First, see the Trib's coverage of some proprietary metrics on rental vacancy rates across regions and you see Pittsburgh comes in with a remarkably low rate of rental vacancy. Big news in itself. Lots going on there and what some of my real estate friends tell me is that the middle market for housing, which would include the quality rental housing market is doing quite well. A lot of that is unquestionably the fact that folks who in the recent past might have purchased real estate are finding it more practical to be renting.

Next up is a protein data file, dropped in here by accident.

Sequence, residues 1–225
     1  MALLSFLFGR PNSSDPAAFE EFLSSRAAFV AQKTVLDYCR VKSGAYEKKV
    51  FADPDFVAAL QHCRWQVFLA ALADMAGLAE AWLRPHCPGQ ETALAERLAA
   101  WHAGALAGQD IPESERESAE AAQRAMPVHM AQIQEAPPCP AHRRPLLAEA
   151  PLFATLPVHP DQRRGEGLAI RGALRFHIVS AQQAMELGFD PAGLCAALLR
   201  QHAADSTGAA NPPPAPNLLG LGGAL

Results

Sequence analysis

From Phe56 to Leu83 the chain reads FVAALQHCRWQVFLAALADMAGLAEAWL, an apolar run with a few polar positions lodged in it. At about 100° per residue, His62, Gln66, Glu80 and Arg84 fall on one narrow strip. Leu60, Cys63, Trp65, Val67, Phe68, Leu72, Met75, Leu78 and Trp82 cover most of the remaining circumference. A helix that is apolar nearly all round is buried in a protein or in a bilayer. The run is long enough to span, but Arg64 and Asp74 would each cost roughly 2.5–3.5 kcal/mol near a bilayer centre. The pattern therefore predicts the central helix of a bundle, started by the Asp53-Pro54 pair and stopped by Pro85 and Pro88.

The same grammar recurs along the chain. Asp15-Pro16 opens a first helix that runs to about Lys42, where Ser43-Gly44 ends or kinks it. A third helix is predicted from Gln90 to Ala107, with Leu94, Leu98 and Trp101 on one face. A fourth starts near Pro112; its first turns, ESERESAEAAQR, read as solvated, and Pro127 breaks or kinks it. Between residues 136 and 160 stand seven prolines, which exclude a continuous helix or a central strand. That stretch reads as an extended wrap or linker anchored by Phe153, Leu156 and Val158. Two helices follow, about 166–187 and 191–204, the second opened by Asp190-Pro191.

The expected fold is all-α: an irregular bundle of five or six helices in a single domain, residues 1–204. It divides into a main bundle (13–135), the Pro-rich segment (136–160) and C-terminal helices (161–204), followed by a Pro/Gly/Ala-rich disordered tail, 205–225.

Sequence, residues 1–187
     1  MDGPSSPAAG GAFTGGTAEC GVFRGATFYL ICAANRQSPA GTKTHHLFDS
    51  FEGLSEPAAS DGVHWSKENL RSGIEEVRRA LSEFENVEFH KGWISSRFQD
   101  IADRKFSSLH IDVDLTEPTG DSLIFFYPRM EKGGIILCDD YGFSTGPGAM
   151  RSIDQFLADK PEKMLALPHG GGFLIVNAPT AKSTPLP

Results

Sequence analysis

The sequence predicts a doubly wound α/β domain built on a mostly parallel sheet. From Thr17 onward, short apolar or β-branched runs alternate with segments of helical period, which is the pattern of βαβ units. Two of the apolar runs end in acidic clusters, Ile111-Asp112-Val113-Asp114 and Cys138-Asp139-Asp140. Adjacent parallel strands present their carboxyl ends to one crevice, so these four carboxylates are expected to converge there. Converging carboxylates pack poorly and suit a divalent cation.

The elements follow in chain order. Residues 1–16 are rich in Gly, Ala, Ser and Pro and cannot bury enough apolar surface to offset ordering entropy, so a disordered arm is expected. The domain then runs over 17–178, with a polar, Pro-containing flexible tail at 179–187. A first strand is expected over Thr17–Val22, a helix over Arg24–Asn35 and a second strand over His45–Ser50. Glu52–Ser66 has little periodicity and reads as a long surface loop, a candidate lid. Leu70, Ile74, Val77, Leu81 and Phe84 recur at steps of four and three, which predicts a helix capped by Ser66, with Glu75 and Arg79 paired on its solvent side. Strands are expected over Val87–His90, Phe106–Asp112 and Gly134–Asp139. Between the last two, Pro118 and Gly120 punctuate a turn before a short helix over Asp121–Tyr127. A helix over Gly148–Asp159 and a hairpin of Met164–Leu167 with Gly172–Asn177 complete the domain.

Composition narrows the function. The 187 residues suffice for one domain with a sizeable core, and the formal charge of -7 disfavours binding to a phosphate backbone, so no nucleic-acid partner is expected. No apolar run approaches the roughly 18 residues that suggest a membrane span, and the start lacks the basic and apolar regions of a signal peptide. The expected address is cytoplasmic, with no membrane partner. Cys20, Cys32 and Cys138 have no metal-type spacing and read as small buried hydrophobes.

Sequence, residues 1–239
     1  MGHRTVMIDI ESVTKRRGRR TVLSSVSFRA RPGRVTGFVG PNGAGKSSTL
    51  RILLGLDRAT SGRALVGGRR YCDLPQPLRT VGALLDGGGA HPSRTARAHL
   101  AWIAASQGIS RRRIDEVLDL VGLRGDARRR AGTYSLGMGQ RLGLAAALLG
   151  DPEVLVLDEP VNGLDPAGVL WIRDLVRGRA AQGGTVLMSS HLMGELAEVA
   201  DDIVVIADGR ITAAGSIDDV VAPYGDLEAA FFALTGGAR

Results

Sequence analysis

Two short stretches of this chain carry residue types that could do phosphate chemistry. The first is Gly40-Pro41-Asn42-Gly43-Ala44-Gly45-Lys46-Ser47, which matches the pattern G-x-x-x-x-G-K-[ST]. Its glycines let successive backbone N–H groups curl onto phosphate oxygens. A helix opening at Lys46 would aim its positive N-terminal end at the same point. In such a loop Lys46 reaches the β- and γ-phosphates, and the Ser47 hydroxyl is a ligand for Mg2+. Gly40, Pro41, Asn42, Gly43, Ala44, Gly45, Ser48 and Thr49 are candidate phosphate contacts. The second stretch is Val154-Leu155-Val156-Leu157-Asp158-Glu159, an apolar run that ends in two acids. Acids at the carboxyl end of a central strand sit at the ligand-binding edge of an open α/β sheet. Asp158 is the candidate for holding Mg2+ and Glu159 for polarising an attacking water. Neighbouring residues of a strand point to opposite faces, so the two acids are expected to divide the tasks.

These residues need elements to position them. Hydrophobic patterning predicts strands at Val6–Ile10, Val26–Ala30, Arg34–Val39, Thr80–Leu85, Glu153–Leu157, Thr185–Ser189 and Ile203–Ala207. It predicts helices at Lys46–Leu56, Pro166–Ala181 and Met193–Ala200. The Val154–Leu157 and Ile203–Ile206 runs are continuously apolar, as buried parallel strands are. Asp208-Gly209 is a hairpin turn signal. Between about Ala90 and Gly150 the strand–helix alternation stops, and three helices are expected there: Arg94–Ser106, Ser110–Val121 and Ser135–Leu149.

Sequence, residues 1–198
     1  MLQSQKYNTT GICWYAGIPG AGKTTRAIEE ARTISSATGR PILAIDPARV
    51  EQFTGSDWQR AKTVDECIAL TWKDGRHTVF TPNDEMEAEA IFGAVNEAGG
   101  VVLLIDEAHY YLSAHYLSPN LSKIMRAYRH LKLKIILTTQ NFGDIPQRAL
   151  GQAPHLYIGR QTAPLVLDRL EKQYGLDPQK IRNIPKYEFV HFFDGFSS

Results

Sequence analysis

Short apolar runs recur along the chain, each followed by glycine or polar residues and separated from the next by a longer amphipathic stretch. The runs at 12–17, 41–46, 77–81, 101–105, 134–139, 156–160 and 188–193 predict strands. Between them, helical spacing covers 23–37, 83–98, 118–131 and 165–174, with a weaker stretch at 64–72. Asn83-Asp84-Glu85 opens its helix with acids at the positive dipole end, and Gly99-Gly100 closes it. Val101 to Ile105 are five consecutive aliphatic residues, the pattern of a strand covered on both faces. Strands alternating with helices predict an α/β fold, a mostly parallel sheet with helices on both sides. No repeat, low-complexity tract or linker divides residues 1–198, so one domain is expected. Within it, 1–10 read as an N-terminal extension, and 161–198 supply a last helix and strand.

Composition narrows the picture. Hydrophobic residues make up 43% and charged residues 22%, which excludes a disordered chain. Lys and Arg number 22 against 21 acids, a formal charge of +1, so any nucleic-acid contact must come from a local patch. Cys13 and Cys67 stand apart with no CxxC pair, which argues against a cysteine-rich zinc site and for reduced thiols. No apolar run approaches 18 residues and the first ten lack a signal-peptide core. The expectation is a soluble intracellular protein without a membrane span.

But another reason has to be an artifact of how well the region has been doing relative to many other regions. Has to be some new people in the region impacting rental rates. In the past I explained the connection between regional economic conditions and migration into Pittsburgh. At the time, most of the regions we typically exchange population with were doing far worse than we were by most economic metrics. The only big exception at the time was the Washington, DC area. That may still be the case broadly speaking, but the Washington Post had a decent series of articles yesterday on the state of the regional economy down there. They do not paint a rosy picture for how DC is expected to fare as the recession continuees. You may need a (free) registration to read the articles but one of the main ones is here for those who are interested. But if DC is no longer the exception than nearly every region which is a major destination of Pittsburgh migrants is faring worse than we are and that will have bigger impacts on migration flows.